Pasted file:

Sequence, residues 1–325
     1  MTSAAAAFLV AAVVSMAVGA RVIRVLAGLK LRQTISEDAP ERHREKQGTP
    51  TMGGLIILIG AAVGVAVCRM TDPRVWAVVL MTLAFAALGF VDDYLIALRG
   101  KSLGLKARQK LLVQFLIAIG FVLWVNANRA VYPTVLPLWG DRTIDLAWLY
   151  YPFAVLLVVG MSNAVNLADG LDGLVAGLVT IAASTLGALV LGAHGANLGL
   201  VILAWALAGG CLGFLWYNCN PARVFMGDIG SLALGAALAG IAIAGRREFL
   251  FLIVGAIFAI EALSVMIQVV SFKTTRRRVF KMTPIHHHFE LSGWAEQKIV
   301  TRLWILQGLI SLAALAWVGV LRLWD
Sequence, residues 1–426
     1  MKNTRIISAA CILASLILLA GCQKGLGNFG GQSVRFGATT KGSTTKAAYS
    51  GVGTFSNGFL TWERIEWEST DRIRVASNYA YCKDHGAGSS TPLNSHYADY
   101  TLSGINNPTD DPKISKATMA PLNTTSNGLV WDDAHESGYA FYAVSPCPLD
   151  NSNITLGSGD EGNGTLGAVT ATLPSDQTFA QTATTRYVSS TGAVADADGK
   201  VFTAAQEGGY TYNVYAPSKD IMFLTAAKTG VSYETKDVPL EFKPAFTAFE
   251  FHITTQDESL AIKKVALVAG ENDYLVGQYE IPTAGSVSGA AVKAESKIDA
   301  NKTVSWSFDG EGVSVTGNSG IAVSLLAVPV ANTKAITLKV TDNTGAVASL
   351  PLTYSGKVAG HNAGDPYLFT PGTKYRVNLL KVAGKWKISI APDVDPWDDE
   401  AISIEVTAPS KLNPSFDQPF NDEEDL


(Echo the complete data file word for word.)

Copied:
Sequence, residues 1–325
     1  MTSAAAAFLV AAVVSMAVGA RVIRVLAGLK LRQTISEDAP ERHREKQGTP
    51  TMGGLIILIG AAVGVAVCRM TDPRVWAVVL MTLAFAALGF VDDYLIALRG
   101  KSLGLKARQK LLVQFLIAIG FVLWVNANRA VYPTVLPLWG DRTIDLAWLY
   151  YPFAVLLVVG MSNAVNLADG LDGLVAGLVT IAASTLGALV LGAHGANLGL
   201  VILAWALAGG CLGFLWYNCN PARVFMGDIG SLALGAALAG IAIAGRREFL
   251  FLIVGAIFAI EALSVMIQVV SFKTTRRRVF KMTPIHHHFE LSGWAEQKIV
   301  TRLWILQGLI SLAALAWVGV LRLWD
Sequence, residues 1–426
     1  MKNTRIISAA CILASLILLA GCQKGLGNFG GQSVRFGATT KGSTTKAAYS
    51  GVGTFSNGFL TWERIEWEST DRIRVASNYA YCKDHGAGSS TPLNSHYADY
   101  TLSGINNPTD DPKISKATMA PLNTTSNGLV WDDAHESGYA FYAVSPCPLD
   151  NSNITLGSGD EGNGTLGAVT ATLPSDQTFA QTATTRYVSS TGAVADADGK
   201  VFTAAQEGGY TYNVYAPSKD IMFLTAAKTG VSYETKDVPL EFKPAFTAFE
   251  FHITTQDESL AIKKVALVAG ENDYLVGQYE IPTAGSVSGA AVKAESKIDA
   301  NKTVSWSFDG EGVSVTGNSG IAVSLLAVPV ANTKAITLKV TDNTGAVASL
   351  PLTYSGKVAG HNAGDPYLFT PGTKYRVNLL KVAGKWKISI APDVDPWDDE
   401  AISIEVTAPS KLNPSFDQPF NDEEDL